Aloha‘s Home Acres left a strong mark back in 2010. I still remember how one of the coldest winters felt a little less bitter with the peppiness of their music, especially the frantic urgency of ‘Moonless March’.
Now, a good six years gone, and Little Windows Cut Right Through arrives. Now, that fidgety punch, dramatic in its nature, seems a subtle one. With a minty fresh approach, Aloha take a cue from fellow label mates Pillar Point and Painted Palms, diving into a poppier, electronic heavy river.
The results are good. From ‘Signal Drift’, the opening track, to ‘I heard you laughing’, the peppy closer, Aloha relish on an easier pace. Life is so fleeting, might as well take it easy and swim with the rip tides, not against them.
One does wonder, why 6 years to make an album? When you listen a gem like ‘Moon Man’, you understand it. Holding the hands of 80s pop with a fresh spin, ‘Moon Man’ is on fire. Every single instrument, held up high, never interrupting the other, always blending deftly with the others. The song is very rewarding too. The last part is a long instrumental that cascades until an emotional waterfall bids you adieu.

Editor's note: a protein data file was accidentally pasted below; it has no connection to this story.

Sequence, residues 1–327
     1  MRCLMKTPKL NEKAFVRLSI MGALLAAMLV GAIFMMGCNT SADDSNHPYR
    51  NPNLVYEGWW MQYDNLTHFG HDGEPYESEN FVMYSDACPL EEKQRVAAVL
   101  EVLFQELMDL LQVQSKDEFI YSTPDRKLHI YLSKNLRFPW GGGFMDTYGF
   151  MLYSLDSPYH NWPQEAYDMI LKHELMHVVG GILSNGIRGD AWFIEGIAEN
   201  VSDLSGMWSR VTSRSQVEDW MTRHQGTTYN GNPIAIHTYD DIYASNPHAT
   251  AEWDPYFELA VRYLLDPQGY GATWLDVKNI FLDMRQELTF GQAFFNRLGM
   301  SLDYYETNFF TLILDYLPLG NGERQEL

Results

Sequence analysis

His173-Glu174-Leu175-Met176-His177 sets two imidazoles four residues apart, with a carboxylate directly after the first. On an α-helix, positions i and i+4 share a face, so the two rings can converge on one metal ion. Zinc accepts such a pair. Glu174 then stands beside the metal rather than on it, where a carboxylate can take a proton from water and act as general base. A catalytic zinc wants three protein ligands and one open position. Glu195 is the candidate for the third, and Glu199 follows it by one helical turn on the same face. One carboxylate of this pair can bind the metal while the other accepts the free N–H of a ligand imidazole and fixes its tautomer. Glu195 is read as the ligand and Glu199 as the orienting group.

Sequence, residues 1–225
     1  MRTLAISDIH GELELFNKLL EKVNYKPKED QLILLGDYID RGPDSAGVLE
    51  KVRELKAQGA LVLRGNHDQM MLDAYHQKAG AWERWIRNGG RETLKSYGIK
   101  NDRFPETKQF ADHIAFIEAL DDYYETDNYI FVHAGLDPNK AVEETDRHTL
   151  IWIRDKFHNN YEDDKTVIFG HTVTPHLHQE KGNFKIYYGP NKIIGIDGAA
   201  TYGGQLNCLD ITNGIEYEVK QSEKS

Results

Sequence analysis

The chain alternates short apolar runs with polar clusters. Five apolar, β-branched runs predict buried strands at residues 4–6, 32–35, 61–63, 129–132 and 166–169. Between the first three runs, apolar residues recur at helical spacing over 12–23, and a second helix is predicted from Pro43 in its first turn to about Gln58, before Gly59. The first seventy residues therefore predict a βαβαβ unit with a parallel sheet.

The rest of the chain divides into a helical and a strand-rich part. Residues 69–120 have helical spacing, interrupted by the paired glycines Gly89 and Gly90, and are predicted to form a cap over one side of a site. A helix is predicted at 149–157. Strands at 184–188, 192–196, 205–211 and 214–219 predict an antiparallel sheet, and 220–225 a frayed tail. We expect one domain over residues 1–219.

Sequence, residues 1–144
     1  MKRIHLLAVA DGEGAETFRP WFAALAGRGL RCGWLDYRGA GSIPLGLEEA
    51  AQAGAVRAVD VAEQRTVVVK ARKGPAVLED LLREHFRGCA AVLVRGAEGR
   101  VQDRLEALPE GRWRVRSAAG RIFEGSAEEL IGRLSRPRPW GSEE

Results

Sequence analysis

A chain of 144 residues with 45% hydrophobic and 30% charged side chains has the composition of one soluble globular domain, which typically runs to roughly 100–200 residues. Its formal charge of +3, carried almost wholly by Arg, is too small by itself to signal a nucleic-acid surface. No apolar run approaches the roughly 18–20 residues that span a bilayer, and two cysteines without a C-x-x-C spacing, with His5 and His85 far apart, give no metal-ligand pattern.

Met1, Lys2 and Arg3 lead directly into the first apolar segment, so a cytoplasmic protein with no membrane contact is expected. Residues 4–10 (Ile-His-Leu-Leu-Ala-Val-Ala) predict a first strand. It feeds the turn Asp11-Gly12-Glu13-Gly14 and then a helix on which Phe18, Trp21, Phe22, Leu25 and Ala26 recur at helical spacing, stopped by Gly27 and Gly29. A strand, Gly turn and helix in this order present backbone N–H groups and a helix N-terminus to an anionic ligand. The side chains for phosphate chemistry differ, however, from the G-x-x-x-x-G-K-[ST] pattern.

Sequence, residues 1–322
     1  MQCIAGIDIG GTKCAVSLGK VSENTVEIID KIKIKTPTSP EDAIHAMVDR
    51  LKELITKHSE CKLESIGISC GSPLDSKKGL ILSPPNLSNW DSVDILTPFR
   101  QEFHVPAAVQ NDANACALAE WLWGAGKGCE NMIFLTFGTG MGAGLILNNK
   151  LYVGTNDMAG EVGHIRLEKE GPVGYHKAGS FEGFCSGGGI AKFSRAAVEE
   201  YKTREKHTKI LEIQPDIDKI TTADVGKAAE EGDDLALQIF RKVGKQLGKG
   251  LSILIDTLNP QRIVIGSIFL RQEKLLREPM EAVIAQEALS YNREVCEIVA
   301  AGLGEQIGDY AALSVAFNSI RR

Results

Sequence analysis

Tony Cavallario‘s approach to lyrics, it seems, is about splintering himself into a million pieces and letting them sprinkle over the songs. Mix that with the careful arrangements of wind-up toys and music boxes and you get enough familiar Aloha spices to complement the meal. It’s a new dish, but still made with the truest of feelings.
Heck, I’m all for bands trying new sounds, it’s the only way to avoid stagnation. Besides, when you get a song as beautiful as ‘Marigold’, any experimentation (and the long time involved) is more than justified. ‘Marigold’ has an exquisite arrangement of sounds, with Cale Parks‘ gorgeous drumming taking the reigns here. Just when you think there’s a groove to stick to, Parks changes the flow. Beautiful stuff.
Back in 2010, I nominated Aloha as one of the “Underdogs of 2010.” I think Little Windows Cut Right Through will go the same way. It’s a fine drink that has rich texture, a memorable flavour and the right amount of alcohol to ease the worries just enough to get through the day.
Words: Sam J. Valdés López